Northern California vintners are already looking ahead to the next wine harvest and bracing for impacts as the drought deepens. Some will be hit much harder than others.
"Yield is going to be the major factor this year," says Domenick Bianco, who oversees growing operations for Renteria Vineyard Management, which farms about 1,300 acres in the Napa Valley. Sometimes smaller yields can produce very high-quality wines. Napa growers are aggressively pruning back vines, which will concentrate precious water and nutrients on a smaller number of grape clusters. But fewer grapes still mean lower profits. "We could see a dramatic reduction in yield, so it could have a very large economic impact," warns Bianco.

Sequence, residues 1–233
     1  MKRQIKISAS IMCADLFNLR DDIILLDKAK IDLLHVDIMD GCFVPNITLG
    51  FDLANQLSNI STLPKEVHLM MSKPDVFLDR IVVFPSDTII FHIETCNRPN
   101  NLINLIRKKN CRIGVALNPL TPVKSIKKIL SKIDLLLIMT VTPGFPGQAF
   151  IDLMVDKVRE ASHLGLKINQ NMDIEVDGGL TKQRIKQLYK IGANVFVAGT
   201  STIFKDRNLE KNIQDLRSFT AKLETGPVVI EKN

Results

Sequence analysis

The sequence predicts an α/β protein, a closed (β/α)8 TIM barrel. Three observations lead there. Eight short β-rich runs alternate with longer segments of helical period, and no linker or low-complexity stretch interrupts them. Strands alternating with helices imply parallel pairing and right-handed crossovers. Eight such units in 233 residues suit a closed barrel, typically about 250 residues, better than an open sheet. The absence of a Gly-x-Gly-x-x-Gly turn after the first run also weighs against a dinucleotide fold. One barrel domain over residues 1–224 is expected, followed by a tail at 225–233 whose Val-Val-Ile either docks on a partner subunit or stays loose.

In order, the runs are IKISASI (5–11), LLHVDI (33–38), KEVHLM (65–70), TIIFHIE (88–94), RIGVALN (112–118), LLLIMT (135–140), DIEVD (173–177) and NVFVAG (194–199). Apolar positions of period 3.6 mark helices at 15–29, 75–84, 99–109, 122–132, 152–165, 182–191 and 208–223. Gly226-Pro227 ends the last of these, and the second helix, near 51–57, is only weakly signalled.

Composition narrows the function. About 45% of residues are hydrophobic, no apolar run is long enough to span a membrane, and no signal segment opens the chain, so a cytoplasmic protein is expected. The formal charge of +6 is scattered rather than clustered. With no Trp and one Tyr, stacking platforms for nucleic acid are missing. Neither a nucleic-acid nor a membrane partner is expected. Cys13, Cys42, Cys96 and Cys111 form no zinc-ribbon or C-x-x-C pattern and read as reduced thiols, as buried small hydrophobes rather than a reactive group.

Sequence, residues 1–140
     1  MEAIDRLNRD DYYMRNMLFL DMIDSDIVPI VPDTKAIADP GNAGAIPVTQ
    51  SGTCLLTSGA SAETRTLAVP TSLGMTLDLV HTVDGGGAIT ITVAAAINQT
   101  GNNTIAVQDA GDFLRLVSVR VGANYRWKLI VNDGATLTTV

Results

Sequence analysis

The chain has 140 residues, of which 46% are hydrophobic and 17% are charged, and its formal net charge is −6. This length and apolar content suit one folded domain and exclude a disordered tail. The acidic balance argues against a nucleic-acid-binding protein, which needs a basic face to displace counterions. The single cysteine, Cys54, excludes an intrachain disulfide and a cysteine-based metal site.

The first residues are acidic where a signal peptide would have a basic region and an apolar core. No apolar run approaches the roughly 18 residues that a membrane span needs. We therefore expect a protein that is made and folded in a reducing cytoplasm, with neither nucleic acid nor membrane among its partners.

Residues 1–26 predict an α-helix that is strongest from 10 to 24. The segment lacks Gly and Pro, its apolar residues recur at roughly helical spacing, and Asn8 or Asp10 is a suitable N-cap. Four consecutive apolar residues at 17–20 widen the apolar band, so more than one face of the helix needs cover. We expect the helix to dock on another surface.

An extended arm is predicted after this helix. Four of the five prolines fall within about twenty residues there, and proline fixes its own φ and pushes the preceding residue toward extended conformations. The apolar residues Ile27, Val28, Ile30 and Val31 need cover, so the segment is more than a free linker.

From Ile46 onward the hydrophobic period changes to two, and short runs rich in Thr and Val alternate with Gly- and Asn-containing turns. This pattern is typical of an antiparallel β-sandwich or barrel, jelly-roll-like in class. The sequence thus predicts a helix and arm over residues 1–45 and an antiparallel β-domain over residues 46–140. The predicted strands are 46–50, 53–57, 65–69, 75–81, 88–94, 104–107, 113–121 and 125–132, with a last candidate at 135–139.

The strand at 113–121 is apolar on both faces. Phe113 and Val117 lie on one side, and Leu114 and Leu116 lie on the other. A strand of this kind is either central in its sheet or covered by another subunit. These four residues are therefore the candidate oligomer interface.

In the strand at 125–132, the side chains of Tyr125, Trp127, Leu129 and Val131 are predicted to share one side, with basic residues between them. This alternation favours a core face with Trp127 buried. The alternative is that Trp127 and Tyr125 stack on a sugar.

It's too early to tell what that impact will be. Napa County's grape harvest produced $656 million in 2012 -- that's just the grapes, not the wine. But the impact is almost sure to be worse in regions like the Anderson Valley and the Central Valley, which are more reliant on surface water.
Napa growers say the abundant groundwater that lies under the valley should cushion them from the kind of water crises unfolding in other winemaking regions, like Paso Robles and even Mendocino County. But they're not taking it lightly.